Welcome to the Department of English Language and Literature's website.
We're one of the oldest departments in the university, and have had students studying here since 1928. In that time we've changed from a department in a colonial university, to one with students involved in anti-colonial struggles, to an independent department in a newly independent nation, and finally, to what we are today.
The department is rather peculiar in that it houses three undergraduate majors and three graduate programmes all under the same roof. We teach and study English language and linguistics, English literature and Theatre Studies. Although there is a lot of collegial and student interaction between the three parts, as well as some teaching and research collaboration, each of the three sections has its own character, and its own distinctive strengths. I might add, though, that all three programmes include in their numbers some of the best teachers in the university.
The English Language programme engages in the formal study of the structures of language and the qualitative study of language in its social context. Our students gain familiarity with the questions and methodologies of both areas, learning about language, the most distinctive of human activities, and about how to understand it. We have research strengths in both kinds of study. Alongside work on philology and syntax, we have people studying language and gender, language policy, language acquisition and English in non- English speaking countries. Our main strengths are language contact and English in Southeast Asia.
The literature programme is, like the discipline itself, somewhat different from the language programme. We cannot say that all our students must know certain areas of the discipline. Instead, we offer a range of coverage and approaches, and emphasise the kinds of capacities our students develop rather than the knowledge they must possess. These capacities include a rigorous sensitivity to language, the ability to interpret with special penetration and the skills of argument and writing. Like our syllabus, our research is quite varied, with people working on postcolonial literature, literary history, theory and film. Although members of the department have published on canonical British authors like Milton and Shakespeare, our strength is in postcolonial literature.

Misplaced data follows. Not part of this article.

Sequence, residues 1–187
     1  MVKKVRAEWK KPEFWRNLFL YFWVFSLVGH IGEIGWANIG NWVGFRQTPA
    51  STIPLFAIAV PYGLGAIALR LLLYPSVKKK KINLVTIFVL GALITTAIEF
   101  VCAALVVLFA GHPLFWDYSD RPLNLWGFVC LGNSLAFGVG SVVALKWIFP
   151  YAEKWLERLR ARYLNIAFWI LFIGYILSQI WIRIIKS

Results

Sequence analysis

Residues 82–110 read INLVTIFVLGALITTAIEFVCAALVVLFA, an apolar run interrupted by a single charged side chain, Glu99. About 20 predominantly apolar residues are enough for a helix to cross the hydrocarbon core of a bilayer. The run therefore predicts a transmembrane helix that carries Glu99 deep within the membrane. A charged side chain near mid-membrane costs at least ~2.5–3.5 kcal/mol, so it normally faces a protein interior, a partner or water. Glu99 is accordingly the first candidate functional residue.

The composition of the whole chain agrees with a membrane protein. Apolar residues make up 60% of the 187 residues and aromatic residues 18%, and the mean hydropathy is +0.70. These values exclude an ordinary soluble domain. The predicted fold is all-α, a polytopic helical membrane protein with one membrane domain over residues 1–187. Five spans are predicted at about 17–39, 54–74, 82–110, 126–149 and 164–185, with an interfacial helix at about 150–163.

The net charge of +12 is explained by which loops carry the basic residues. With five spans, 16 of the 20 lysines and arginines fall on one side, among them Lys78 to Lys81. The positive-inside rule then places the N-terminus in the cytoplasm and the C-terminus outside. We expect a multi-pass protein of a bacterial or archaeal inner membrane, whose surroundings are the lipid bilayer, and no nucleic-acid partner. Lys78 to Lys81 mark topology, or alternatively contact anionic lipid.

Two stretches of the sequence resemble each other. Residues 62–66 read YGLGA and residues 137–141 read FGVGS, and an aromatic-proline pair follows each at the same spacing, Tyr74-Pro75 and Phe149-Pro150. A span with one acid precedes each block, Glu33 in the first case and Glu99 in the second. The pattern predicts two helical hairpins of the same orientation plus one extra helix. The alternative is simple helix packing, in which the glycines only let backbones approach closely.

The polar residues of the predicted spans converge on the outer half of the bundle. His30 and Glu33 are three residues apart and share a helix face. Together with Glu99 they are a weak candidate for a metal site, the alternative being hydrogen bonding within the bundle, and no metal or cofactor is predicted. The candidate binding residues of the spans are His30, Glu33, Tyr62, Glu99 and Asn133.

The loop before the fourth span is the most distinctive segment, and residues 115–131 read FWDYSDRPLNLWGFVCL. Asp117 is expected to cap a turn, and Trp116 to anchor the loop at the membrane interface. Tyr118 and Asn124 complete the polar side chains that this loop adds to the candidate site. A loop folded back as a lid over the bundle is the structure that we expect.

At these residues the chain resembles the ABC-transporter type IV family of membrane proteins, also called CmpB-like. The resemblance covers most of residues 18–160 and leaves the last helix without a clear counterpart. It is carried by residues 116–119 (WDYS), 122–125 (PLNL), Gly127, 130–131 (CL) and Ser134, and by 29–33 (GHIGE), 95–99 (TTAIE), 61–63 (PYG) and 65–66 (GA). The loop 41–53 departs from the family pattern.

Theatre Studies is our youngest programme, still in its early twenties. As might be expected (or hoped) it has grown in that time from a relatively immature programme, boldly conceived and launched by its early members, to something more sophisticated. The emphasis now is on different aspects of performance, with our students learning about everything from theatrical productions to film to social performances. We have a small but lively and productive graduate programme, and researchers working on performance, contemporary drama of different kinds and archiving.
I hope you can spend a little time learning about us from this website, and that if you have any questions you will write and ask them.